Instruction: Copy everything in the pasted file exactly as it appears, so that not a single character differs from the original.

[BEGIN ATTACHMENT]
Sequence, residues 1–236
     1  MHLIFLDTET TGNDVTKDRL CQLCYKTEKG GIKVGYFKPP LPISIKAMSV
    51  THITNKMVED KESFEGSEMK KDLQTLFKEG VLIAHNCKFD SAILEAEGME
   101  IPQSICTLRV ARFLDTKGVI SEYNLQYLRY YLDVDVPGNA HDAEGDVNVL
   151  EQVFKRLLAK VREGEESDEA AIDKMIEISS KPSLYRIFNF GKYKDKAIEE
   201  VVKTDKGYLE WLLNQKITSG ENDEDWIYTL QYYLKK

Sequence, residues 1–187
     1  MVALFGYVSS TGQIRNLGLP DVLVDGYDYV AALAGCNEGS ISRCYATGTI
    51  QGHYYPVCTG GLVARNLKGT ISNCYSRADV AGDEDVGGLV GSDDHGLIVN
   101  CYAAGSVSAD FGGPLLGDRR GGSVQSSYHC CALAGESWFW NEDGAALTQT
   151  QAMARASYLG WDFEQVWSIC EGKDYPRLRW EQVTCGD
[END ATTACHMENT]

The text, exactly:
Sequence, residues 1–236
     1  MHLIFLDTET TGNDVTKDRL CQLCYKTEKG GIKVGYFKPP LPISIKAMSV
    51  THITNKMVED KESFEGSEMK KDLQTLFKEG VLIAHNCKFD SAILEAEGME
   101  IPQSICTLRV ARFLDTKGVI SEYNLQYLRY YLDVDVPGNA HDAEGDVNVL
   151  EQVFKRLLAK VREGEESDEA AIDKMIEISS KPSLYRIFNF GKYKDKAIEE
   201  VVKTDKGYLE WLLNQKITSG ENDEDWIYTL QYYLKK

Sequence, residues 1–187
     1  MVALFGYVSS TGQIRNLGLP DVLVDGYDYV AALAGCNEGS ISRCYATGTI
    51  QGHYYPVCTG GLVARNLKGT ISNCYSRADV AGDEDVGGLV GSDDHGLIVN
   101  CYAAGSVSAD FGGPLLGDRR GGSVQSSYHC CALAGESWFW NEDGAALTQT
   151  QAMARASYLG WDFEQVWSIC EGKDYPRLRW EQVTCGD